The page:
The Philadelphia Personal Injury Law Blog

Woman Dies Via Airborne Highway Sign

In a scene reminiscent of something from Final Destination 16, a woman died from injuries sustained from a flying road sign, reports NBC 10 Philadelphia. A semi-truck was driving along when its side mirror made contact with the sign. The sign took flight, caught a little wind, and smashed through 31-year-old Emily Morris’ windshield. She sustained head injuries and crashed her car into another barrier. She succumbed to her injuries two days later.

Though this has been described as a “freak accident,” lawyers know better. Most of the time, there is no such thing as a freak accident. Someone is at fault here.

Is it the construction company's fault? They placed a sign on a concrete barrier that separated two lanes going in opposite directions. We have all traveled on freeways that are under construction, with narrow lanes bordered by concrete and no escape should something go horribly wrong. Was it necessary to place a sign straddling both lanes, instead of two signs, one on each shoulder?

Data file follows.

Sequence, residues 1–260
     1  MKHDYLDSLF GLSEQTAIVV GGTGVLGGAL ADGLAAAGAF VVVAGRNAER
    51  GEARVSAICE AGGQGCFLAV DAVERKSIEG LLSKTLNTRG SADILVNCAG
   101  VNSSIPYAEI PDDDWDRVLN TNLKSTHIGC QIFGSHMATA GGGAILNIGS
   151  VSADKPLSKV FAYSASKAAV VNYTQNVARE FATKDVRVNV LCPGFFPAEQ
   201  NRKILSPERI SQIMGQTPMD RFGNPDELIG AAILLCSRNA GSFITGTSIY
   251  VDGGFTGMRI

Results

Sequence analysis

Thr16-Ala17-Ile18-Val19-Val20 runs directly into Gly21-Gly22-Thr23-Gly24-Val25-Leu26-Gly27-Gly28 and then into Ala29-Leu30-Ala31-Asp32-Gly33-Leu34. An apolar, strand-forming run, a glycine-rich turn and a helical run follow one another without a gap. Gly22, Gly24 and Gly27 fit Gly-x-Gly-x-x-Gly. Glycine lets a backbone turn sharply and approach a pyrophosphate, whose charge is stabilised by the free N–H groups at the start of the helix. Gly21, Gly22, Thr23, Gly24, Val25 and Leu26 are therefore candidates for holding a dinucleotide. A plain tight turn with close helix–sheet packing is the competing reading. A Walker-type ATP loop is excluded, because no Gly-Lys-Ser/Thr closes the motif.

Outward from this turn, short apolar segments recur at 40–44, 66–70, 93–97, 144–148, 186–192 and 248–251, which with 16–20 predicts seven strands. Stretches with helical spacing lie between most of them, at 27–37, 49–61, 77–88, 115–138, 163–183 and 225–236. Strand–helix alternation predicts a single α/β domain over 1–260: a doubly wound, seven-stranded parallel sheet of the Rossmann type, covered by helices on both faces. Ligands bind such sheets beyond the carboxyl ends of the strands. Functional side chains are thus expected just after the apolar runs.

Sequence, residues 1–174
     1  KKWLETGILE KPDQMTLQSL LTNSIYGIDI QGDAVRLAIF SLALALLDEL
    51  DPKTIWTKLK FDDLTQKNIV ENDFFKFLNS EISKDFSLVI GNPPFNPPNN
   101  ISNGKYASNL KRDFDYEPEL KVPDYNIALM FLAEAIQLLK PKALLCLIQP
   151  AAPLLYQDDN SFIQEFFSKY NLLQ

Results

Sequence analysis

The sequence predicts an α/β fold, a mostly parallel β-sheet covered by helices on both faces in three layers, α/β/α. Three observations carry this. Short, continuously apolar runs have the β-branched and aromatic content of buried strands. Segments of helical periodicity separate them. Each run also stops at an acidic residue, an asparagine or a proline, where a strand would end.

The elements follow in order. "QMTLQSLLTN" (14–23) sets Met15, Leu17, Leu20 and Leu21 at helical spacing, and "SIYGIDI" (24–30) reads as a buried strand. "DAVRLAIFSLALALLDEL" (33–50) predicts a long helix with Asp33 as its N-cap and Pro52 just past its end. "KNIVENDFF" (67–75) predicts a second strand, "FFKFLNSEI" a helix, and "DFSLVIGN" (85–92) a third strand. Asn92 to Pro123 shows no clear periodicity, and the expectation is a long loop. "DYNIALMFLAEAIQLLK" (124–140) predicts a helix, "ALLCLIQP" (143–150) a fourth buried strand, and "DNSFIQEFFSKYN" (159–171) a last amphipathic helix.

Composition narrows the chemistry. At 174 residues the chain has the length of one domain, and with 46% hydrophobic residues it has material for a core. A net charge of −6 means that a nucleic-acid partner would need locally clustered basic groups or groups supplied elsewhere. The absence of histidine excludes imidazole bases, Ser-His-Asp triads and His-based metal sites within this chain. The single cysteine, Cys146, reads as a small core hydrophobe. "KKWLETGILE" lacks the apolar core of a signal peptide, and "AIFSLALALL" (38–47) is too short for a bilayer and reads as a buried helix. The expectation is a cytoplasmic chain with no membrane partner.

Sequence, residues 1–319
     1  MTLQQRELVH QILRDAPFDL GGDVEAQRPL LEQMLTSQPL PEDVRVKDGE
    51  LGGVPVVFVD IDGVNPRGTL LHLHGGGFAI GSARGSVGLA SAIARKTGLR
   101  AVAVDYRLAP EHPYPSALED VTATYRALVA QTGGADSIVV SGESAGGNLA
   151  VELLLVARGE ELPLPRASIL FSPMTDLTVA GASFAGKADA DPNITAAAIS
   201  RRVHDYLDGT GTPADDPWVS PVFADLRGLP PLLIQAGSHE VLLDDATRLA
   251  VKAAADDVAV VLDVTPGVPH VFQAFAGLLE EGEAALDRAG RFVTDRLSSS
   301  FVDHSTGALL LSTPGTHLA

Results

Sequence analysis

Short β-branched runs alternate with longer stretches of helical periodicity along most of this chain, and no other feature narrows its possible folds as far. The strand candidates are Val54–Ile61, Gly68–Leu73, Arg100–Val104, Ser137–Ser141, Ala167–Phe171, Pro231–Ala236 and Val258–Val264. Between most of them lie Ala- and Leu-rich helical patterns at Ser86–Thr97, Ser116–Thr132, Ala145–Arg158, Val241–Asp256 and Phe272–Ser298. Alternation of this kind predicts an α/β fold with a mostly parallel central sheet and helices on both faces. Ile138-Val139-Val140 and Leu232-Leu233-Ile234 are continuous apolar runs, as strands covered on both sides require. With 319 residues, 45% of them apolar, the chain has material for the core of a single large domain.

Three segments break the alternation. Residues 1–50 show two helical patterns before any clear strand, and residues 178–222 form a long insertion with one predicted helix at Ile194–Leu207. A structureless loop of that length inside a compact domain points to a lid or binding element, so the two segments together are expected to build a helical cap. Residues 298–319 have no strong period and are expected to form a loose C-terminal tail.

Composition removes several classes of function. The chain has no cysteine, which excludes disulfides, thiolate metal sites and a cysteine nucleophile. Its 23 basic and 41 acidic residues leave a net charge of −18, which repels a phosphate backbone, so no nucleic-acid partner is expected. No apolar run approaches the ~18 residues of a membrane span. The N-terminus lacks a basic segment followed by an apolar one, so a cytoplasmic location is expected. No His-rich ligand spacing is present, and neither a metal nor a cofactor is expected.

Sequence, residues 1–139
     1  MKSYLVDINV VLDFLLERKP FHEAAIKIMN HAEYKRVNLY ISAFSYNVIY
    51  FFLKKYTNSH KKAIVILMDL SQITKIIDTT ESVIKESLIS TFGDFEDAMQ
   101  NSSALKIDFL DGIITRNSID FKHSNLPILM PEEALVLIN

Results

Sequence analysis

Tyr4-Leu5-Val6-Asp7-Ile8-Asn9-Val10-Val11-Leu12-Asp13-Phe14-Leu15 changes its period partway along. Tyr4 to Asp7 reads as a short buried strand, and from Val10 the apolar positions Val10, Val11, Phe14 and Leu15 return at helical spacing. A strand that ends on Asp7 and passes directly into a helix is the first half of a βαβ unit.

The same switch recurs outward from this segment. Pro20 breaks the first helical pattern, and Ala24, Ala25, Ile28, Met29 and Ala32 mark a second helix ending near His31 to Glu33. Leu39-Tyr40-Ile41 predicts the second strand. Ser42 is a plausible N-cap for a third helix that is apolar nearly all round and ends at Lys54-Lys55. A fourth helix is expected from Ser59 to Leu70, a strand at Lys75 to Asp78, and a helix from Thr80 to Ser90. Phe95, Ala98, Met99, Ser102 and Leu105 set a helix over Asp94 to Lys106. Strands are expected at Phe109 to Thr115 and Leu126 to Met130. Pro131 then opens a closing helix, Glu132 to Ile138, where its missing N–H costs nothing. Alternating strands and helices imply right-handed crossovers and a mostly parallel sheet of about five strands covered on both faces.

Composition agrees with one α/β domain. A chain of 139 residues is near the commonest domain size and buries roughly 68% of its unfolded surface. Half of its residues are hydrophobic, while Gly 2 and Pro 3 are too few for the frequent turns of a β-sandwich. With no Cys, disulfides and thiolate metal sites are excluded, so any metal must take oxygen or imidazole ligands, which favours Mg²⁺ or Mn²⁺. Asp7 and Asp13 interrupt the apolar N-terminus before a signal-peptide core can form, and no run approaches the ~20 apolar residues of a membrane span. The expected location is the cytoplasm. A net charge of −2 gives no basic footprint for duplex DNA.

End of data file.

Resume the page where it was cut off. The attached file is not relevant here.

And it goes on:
Under a negligence theory, the construction company would arguably have a duty to make the under-construction road as safe as possible for drivers. If they failed in that duty by installing an unsafe sign, then they could possibly be held liable.

Though "freak accident" is not exactly a legal term, it does come into play in negligence law. The rule is, was the accident part of the risk created by placing the sign in its allegedly negligent location? When they put a sign on a barrier straddling two narrow lanes, was it reasonably foreseeable that the sign could be hit and hurt someone?

Perhaps it was not foreseeable that a sign would be hit by a truck, catch air, and fly directly into the path of Emily Morris' windshield. The exact physics of that are pretty ridiculous. Depending on the installation at the construction site, it may have been foreseeable that the sign could hurt someone in some manner. We'll leave the rest for the lawyers who take the case to argue over.

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